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This year marked the second Beaumont Bark Up, where dogs from just down the road, to as far afield as Owaka, travelled to put their best bark forward and compete for prizes.
Organised by Beaumont Hotel bar manager and local shepherd Jana Fransbach, the event was held not only to bring local farmers and shepherds together to the hotel for some laughs and fun, but also to raise funds for rural wellbeing charity Farmstrong.
Proceeds from the evening, including a modest, $10 entry fee, went to Farmstrong, a national programme dedicated to supporting mental health within the community of all New Zealand farmers.
Ms Fransbach said she was in regular contact with Farmstrong during the preparation for the Bark Up.
‘‘They’ve been so supportive, and have even donated some of the prizes for the winners in advance; it’s been great to help out in our small way.’’
Statistics indicate that suicide is six times more prevalent in young rural men than in the general New Zealand population. Difficulties with mental health are an issue that persists among rural farmers, and Farmstrong aims to assist as many people as it can.
Farmstrong’s website highlights ‘‘burnout’’ as a major challenge for farmers and other rural workers.
‘‘Month after month of badly managed stress can eventually result in burnout. Burnout sneaks up on you over time, like a slow leak. It’s characterised by physical and emotional exhaustion, cynicism, detachment and feelings of ineffectiveness,’’ the organisation says.
Ms Fransbach said, like many rural people, she had friends and acquaintances who had experienced burnout.
“Everyone knows someone that has had a burnout before,” Ms Fransbach, who originates from Germany, said.
“It is very isolated in rural areas compared to urban towns, as there is a contrast between the two. Access to facilities sometimes aren’t as easy to get to when you’re living on a farm, so it is important that Farmstrong is a service available and is dedicated to assisting the people in those rural areas.’’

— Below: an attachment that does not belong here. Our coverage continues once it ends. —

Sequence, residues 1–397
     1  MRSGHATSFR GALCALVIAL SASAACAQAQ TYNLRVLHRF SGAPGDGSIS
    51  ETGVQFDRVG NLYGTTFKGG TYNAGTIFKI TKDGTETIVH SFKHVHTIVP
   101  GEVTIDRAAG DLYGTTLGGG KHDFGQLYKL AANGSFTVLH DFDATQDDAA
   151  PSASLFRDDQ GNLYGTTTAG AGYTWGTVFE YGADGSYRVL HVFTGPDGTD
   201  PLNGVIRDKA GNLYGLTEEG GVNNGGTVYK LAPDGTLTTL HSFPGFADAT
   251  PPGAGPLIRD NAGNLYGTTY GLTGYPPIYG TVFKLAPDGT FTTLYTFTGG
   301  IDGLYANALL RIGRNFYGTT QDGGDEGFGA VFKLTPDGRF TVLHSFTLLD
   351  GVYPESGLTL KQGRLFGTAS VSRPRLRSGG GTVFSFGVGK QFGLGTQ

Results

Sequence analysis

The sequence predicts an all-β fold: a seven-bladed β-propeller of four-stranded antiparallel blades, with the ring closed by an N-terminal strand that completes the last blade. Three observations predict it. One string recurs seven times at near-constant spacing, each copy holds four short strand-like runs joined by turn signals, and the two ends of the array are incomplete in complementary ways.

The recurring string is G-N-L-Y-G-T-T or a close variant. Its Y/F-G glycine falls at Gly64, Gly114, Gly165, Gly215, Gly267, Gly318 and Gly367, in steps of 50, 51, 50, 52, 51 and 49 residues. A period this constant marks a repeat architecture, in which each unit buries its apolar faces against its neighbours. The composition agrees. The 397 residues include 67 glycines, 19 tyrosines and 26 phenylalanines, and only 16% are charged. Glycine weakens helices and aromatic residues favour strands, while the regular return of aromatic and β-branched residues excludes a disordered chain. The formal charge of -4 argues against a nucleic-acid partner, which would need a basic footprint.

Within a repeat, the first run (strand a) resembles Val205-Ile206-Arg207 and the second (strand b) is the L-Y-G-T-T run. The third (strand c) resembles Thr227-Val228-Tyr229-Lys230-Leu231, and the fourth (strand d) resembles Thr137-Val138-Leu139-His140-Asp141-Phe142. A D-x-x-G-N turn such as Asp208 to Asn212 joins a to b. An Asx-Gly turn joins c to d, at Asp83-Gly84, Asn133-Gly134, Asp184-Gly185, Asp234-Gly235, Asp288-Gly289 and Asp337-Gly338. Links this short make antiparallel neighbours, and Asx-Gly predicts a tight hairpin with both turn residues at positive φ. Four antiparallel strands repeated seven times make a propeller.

She said she could see a “turn” happening in rural areas, where more people were beginning to reach out and seek assistance in regards to mental health issues.
Events like the bark up, now in its second year, were one way to offset some of the stress and isolation rural people could sometimes experience.
‘‘People have a lot to talk about when talking about their dogs. They are a good way to bring rural people together to bond.’’
Categories at the early autumn event included most barks, least barks, top novices, best sniffer and team events.
Last year’s inaugural Beaumont Bark Up attracted more than 40 entries, and was deemed a success by Ms Fransbach.
This year the Omicron upsurge forced the event to be kept ‘‘moderately under wraps’’, making it perhaps less competitive and more casual, she said.
‘‘This year saw only around 20 entries who were entered both on the night and in advance, due to Covid-19 Red Light setting restrictions for our venue, the Beaumont Hotel.’’
Last year’s judges used a smartphone decibel reader to assess bark volumes within the 15-second time each hound was allocated to perform, but it was not used for this year’s event to keep the night as informal as possible.
The dogs were called out by the judges one at a time, and each made their way alongside their owner to a large crate where they would stand tall and debut their barks.
“Ready . . . start!”
The dogs were then ordered by their owner to begin, and words like “Stand!”, “Away!” and “Speak!” were the top three calls for the dogs to initiate their bark. A timer sounded at 15 seconds, and they were called to cease barking by the judges.
More than a few dogs carried on just as if they were back in the paddock chasing stock.
Huntaways remained the most well represented breed in the competition, and performed alongside a couple of heading dogs.
A doughty Jack Russell also tried its luck to out-bark the rest of its competitors. The dog with the most outstanding, loudest, non-stop barks was David Robertson’s huntaway Crew, who set an ear-splitting standard for the rest.
As the night played out, some brave, two-legged humans also tried their best at giving the crowd their own rendition of a bark — a tradition usually reserved for ‘‘soaking’’, when a dog gets stage-fright and refuses to bark. Prizes, including a “Shepherd Survivor’s Box”, were allocated to the “best of the best” of the hounds.
Ms Fransbach said she hoped to hold the event again next year, enshrining the bark up as a loud, proud Beaumont tradition.